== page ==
When the pandemic struck the US, millions of people lost their jobs as businesses struggled amid lockdowns. But in September, the country saw a reduction in the unemployment rate. In the latest report from the Bureau of Labor Statistics, 661,000 more jobs pushed the rate down to 7.9 percent. Still, the figure remains lower than analyst expectations, with millions still jobless.
Last Pre-Elections Labor Report
The Labor department released a report on Friday that showed the current administration had the worst unemployment rate before any presidential elections. The next job figure data for October will not come until after November 4.
Particularly, the 0.5 percentage point drop in September pushed the figure of unemployment to 12.6 million people. Meanwhile, temporary layoffs also declined by 1.5 million, with a resulting 4.6 million in September.
Slowing Job Growth
According to the New York Times, September marks the third month in a row of stalling the recovery in jobs. Moreover, the publication reported that the loss of workers in the government and the public sector contributed to slow job growth. In particular, with schools remaining closed, jobs declined by over 200,000. Meanwhile, the hospitality and leisure sector recorded the most number of additional jobs in September. The retail trade industry and health care and social assistance sector came next to boosting the labor force.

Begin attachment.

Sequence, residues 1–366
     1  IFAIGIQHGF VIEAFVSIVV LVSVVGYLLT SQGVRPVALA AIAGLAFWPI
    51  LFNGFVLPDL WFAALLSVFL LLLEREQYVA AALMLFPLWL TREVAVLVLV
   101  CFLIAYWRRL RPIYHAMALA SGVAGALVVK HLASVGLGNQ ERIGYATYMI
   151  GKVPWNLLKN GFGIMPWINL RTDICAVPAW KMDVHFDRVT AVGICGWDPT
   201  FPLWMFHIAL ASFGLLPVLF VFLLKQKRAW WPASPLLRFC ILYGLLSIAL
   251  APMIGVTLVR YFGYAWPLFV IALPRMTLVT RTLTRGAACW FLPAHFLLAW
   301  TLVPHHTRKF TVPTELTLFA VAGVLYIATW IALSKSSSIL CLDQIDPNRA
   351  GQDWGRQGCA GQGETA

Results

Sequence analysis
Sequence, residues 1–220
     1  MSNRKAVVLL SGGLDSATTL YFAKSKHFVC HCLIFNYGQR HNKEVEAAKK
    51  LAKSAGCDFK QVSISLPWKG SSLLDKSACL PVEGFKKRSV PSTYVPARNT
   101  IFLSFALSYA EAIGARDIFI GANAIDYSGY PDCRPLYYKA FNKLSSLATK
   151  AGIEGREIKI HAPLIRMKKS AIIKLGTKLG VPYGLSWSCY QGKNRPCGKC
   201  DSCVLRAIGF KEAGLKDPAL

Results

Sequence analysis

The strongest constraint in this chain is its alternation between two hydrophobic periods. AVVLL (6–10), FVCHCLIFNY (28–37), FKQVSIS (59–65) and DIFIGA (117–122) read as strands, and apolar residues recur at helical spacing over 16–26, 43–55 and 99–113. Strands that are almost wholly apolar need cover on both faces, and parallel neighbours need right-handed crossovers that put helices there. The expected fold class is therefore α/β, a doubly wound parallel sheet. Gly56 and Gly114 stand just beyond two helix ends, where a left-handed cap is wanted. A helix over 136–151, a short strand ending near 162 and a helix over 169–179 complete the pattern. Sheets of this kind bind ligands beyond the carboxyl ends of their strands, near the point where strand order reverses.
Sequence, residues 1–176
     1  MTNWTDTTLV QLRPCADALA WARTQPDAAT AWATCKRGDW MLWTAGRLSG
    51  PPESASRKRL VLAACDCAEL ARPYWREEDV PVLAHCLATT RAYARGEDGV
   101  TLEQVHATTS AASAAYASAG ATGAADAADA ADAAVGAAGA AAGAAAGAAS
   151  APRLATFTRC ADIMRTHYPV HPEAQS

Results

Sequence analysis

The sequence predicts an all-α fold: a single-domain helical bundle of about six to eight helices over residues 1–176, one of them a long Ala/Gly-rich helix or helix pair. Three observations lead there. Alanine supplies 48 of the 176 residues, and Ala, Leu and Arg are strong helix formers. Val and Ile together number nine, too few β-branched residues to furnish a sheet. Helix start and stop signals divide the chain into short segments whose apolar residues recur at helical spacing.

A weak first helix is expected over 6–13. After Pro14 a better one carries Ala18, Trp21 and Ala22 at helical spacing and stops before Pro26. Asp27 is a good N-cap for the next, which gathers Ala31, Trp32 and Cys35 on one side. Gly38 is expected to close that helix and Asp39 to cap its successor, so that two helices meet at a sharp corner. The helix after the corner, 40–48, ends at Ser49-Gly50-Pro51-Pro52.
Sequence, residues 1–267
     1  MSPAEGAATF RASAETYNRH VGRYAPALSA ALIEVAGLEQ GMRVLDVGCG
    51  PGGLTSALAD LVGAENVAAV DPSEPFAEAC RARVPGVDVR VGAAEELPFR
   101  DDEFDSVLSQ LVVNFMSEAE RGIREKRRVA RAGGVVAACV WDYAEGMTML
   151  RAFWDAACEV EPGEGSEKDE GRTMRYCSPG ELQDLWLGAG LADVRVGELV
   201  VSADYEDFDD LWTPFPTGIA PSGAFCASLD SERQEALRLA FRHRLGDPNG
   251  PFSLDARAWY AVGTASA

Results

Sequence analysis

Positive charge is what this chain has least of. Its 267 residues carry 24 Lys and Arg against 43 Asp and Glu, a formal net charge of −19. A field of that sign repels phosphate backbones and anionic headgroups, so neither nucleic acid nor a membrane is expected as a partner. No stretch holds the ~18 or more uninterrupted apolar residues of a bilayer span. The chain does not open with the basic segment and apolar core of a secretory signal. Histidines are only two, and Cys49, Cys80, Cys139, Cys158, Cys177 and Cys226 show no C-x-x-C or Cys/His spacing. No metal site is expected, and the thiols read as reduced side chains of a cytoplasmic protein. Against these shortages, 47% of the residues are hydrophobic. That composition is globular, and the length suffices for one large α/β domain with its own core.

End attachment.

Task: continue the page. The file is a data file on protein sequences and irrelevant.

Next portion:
The U.S. job market’s rebound slowed in September: 661,000 jobs were added, and the unemployment rate fell to 7.9%.
However, the latest report showed that the labor market displaced significantly more women, with a figure of 617,000. Meanwhile, for comparison, 78,000 men exited the labor force last year.
Temporary or Permanent Job Loss?
Going into the coronavirus pandemic, the unemployment rate in the country stood at 3.5 percent last February. But in a matter of weeks, the American economy dropped, and over 20 million people were out of work. The latest data shows that the US, amid an improvement, still struggles with the impact of the COVID-19.
Despite the addition of millions of jobs monthly, the US employment remains 10.7 million lower than the pre-pandemic month, February. Also, those who lost their jobs in March were mostly temporary or furloughs. In September, as many as 3.8 million people said they permanently lost their jobs.
While the unemployment rate dropped from the preceding months, it does not mean it includes all those 700,000 people displaced from the labor force when they stopped looking for jobs. Moreover, furloughed respondents said they still have their jobs, even though they might not be asked to return. The bureau said adjusting the responses of those who misclassified, likely, the unemployment rate could be higher by 0.4 percentage points.